Goodbye, Richard Matheson

I don’t know if another writer influenced my storytelling style more than Richard Matheson, author of I Am Legend, The Shrinking Man, and dozens of unforgettable Twilight Zone episodes. It was reported just hours ago that he died yesterday at age 87.

Richard, enjoy your  journey into a wondrous land, where boundaries are that of imagination…


22 responses to “Goodbye, Richard Matheson

  • Tana Constantin

    Another great mind has gone. It’s getting really close to the point where I can say all my favorite authors are dead… and I don’t like that thought.

    • ericjbaker

      There don’t seem to be any new Mathesons or Kurt Vonneguts out there. I think I can turn out a decent story, but I certainly don’t have whatever they had. Have you ever read “I am Legend”? That ending will stay with you for a long time.

      • Tana Constantin

        I read it when I was young, there is something about the way stories are told these days that just makes them seem to be bland. Churned out for mass consumption but without body or soul.

      • lectorconstans

        I missed the book (an oversight soon corrected), but did see “The Omega Man”. And of course, the Twilight Zone episodes (which seem to be alive on YouTube.)

  • nrhatch

    Poignant send off . . . it makes one wonder about the boundaries of the Twilight Zone.

  • Janna G. Noelle

    It’s sad when our creative heroes pass on.

  • Bryan Edmondson

    I am familiar with the name. He must have been a legend. I loved the twilight zone as a kid. When I was 8 out black and white t.v. set tube burned out and we only got the sound. Late nights my Mom, my little brother and I would sit in her bed in the dark, shivering in fear, listening to the twilight zone. Those were good times.
    It was writers like Matheson that gave the original series such a flavor for the surreal.

  • Bryan Edmondson

    p.s. I heard a rumor that Eric Baker was coming out on Kindle. Pass it around.

  • Jodi

    He’s left behind a huge legacy. Great tribute.

  • 1WriteWay

    Love this tribute, Eric. I have listened to some of Matheson’s books from, in particular Hell House and I Am Legend. Listening to the end of I Am Legend was a truly chilling experience.

    • ericjbaker

      What a great story that is. The recent movie version was so pale. I understand that books don’t always work on film, but to change the point of the story and the meaning of the title in such a dumbed-down cliche way…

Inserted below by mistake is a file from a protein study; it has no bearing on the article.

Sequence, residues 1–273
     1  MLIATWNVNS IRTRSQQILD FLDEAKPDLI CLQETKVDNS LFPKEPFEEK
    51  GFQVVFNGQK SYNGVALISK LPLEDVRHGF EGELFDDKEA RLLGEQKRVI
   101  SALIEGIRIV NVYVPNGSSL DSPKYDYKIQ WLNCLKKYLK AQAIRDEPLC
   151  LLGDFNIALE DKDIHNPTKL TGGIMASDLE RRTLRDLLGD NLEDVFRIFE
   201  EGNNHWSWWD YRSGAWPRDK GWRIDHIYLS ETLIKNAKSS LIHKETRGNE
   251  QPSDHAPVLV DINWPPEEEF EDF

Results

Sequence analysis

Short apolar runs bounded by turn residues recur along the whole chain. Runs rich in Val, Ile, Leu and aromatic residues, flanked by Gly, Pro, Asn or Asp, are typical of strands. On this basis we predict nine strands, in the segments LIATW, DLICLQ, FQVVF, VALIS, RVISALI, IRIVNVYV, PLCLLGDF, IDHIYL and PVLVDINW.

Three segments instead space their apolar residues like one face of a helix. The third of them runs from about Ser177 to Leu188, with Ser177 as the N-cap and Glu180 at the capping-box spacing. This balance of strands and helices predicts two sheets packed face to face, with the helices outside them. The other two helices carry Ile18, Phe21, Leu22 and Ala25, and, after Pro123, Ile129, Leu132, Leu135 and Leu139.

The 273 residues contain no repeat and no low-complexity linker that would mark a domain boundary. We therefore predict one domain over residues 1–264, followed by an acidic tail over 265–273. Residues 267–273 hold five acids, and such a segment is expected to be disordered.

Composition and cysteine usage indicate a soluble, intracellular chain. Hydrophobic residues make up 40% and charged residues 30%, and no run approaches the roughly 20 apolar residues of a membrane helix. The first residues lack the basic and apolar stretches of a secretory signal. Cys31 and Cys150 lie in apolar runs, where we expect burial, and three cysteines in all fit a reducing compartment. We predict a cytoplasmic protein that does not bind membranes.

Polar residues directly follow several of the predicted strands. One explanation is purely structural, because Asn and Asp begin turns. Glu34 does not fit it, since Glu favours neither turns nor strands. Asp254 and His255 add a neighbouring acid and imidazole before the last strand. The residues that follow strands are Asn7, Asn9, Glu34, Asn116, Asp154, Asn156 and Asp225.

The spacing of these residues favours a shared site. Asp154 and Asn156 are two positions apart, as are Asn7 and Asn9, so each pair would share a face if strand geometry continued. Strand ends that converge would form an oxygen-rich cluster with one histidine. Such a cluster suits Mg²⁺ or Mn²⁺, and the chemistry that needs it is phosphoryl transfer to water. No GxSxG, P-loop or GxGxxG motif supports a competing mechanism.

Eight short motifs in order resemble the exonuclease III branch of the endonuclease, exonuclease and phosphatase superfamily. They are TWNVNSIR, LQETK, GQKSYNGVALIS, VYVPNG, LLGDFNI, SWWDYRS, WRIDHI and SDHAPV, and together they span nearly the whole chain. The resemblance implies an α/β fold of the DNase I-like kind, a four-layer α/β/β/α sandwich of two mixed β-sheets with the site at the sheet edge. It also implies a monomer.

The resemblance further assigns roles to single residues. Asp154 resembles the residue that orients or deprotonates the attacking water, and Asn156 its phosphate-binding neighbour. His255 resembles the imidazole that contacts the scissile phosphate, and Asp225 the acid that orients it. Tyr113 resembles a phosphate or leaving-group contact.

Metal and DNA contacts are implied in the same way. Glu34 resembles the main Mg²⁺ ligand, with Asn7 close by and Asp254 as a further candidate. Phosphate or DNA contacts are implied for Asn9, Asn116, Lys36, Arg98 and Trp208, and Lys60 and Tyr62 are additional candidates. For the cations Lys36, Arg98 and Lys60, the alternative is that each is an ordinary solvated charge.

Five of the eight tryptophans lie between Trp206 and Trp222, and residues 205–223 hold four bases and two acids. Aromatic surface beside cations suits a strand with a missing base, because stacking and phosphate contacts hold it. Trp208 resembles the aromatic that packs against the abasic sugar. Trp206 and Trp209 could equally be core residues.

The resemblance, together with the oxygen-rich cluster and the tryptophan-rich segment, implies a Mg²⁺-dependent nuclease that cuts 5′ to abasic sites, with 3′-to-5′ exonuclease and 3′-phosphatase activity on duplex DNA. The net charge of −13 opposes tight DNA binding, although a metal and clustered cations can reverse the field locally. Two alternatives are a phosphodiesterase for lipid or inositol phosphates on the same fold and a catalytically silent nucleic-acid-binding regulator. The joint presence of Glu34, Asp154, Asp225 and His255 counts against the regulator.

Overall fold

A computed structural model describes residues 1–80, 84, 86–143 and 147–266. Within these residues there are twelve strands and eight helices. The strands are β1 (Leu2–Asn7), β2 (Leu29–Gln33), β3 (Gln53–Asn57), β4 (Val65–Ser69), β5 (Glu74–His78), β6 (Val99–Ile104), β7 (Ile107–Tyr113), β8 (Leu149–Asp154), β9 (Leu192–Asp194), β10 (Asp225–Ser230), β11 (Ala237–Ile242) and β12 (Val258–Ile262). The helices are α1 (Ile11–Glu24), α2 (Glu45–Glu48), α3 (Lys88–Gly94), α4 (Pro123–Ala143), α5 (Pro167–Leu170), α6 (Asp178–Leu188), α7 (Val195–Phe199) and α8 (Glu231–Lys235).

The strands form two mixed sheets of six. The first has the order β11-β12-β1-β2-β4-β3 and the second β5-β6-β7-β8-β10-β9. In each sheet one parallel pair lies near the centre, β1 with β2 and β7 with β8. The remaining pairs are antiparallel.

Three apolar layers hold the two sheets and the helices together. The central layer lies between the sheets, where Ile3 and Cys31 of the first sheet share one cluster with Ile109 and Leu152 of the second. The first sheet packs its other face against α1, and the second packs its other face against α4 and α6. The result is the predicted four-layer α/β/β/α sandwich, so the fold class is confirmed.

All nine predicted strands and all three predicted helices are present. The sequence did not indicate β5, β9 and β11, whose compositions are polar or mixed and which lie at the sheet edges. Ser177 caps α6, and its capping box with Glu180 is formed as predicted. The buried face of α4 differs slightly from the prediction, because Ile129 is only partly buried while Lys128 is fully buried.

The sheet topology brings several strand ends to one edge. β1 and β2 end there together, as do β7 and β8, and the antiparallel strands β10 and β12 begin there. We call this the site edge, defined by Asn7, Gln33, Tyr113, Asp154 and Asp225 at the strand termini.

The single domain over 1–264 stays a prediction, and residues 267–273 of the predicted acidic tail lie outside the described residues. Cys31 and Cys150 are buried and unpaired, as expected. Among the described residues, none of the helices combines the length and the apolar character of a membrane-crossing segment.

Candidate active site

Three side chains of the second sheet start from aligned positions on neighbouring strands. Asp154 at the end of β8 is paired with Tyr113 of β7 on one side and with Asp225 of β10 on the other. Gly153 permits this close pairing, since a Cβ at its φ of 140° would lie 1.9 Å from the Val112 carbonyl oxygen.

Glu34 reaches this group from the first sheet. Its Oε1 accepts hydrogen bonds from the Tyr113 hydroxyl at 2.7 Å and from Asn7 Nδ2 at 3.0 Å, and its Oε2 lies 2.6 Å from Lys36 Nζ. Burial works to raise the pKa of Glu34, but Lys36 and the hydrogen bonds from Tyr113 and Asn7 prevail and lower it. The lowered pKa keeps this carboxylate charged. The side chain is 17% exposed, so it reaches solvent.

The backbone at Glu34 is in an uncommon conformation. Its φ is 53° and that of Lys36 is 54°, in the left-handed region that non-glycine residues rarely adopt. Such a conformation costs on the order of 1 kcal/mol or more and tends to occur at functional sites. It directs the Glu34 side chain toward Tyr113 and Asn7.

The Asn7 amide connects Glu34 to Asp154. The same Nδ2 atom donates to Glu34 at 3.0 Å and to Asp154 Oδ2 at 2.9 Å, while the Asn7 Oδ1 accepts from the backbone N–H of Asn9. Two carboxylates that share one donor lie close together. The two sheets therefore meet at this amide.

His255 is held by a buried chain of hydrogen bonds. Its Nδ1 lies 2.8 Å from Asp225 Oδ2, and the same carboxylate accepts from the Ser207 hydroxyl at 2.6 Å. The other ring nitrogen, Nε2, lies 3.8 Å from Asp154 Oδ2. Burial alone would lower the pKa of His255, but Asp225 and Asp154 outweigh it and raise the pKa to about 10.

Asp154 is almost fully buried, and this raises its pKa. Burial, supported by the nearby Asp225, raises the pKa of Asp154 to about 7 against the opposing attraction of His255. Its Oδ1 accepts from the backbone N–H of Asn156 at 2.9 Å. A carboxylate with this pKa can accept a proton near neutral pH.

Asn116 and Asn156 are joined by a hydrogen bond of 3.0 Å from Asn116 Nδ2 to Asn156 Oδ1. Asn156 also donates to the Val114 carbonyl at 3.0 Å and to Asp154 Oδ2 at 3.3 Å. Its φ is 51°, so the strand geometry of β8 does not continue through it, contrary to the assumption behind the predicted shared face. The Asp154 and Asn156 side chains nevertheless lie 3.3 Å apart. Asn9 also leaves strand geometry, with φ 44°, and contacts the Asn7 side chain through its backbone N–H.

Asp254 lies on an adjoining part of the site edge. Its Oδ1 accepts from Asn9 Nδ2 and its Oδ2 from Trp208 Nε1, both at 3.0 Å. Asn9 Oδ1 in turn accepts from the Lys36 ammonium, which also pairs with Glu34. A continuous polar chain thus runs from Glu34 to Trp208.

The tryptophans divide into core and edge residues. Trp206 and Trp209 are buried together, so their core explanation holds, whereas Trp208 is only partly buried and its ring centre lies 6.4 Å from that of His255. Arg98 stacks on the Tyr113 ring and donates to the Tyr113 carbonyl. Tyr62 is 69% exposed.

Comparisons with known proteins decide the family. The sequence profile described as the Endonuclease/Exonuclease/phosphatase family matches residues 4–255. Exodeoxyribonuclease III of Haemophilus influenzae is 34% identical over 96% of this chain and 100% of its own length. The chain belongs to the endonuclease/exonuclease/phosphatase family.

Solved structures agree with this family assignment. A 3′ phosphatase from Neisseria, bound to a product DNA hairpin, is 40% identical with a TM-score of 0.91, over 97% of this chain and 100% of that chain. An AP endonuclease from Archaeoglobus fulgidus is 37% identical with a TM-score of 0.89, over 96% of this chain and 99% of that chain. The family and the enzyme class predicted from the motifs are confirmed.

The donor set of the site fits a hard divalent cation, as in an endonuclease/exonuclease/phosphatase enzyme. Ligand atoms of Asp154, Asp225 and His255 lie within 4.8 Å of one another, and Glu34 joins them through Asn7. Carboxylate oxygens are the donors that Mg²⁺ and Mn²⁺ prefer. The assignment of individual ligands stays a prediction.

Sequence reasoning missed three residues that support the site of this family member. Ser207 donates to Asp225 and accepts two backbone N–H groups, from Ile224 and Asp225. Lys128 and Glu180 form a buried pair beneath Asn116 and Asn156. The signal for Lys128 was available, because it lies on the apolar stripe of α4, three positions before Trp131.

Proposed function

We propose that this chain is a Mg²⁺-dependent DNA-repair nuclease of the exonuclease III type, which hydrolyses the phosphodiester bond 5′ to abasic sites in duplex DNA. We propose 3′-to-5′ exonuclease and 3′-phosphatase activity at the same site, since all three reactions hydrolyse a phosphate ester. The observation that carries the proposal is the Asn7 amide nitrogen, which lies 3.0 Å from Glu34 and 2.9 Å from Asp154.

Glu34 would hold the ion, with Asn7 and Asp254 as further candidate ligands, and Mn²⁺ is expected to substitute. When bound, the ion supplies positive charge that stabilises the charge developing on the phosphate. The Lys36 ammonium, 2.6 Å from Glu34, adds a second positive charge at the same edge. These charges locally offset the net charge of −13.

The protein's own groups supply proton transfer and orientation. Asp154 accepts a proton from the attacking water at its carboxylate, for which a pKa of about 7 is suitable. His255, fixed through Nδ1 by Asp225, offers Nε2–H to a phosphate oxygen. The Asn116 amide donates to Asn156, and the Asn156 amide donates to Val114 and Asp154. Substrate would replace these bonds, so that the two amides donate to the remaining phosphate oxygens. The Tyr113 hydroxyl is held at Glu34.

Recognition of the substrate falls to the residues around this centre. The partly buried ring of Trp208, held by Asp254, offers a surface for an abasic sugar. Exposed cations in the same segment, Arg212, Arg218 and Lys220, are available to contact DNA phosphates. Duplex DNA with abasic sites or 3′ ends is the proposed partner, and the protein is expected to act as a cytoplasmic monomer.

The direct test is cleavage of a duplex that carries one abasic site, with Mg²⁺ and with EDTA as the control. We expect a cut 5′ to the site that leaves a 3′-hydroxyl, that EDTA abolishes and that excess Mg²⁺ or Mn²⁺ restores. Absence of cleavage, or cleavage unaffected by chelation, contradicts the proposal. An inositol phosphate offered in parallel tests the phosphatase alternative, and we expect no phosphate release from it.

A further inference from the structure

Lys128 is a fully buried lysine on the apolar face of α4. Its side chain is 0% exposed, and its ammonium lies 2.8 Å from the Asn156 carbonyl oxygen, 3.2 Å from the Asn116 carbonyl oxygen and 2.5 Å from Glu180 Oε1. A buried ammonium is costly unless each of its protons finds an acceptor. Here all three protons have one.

• 1WriteWay

        We saw both movie versions: The Omega Man and I Am Legend with Will Smith. I actually saw both before I read the book. The Omega Man seemed truer to the book, but even with that, they had to muck up the ending. I guess movie audiences don’t like unhappy endings, even when they are far more plausible than a hopeful ending.

        • ericjbaker

          I should have know someone who read monster magazines would be familiar with The Omega Man. I actually like that film as a stand-alone story, partly because of the cool early ’70s vibe that is so unique to the time. But you’re correct about the ending. It would be hard to film the ending of the book as is, unless you turn the character’s thoughts into a monologue, which would be hokey to say the least.

          There was also a version in the early ’60s with Vincent Price called “The Last Man on Earth.” The staging is so lifeless it is hard to sit through. If Vincent Price can’t save your movie, you’ve got problems.

  • lectorconstans

    This may be a whole new thread – not entirely writing-oriented, but some of the comments touched on “book into movie”. (2000 words omitted here.)

    My two examples of not-so-good books turned into first-rate movies:

    Breakfast at Tiffany’s
    Capote’s story is dark and bleak. At the end, Holly does fly away to South America. He finally gets a postcard from her. The End.

    The Devil Wears Prada
    The book didn’t draw me in. It just didn’t work.

    The reasons the movies are great are the usual: good director, good screenplay (they threw out the bad parts and the dull parts), excellent acting (Hepburn, Peppard, Streep, Hathaway, a host of supporting characters), and in one case, a terrific hit song. (PS: Why doesn’t that mean “inspiring terror”?)

    For the other way around – fiarly good books turned into terrible movies – the list goes on and on.

    • ericjbaker

      This is a pretty controversial view, but I find Kubrick’s The Shining far superior to the book that inspired it.

      I haven’t read either of the books you mentioned, but the reverence people have for Breakfast at Tiffany’s to this day must mean it is at least as good as the book. Movies and books are different art forms (duh) and elicit different emotional responses and sensations, but a pretty reliable truth is that spending 150M makes for a lame movie version.

      Thanks for the comment!

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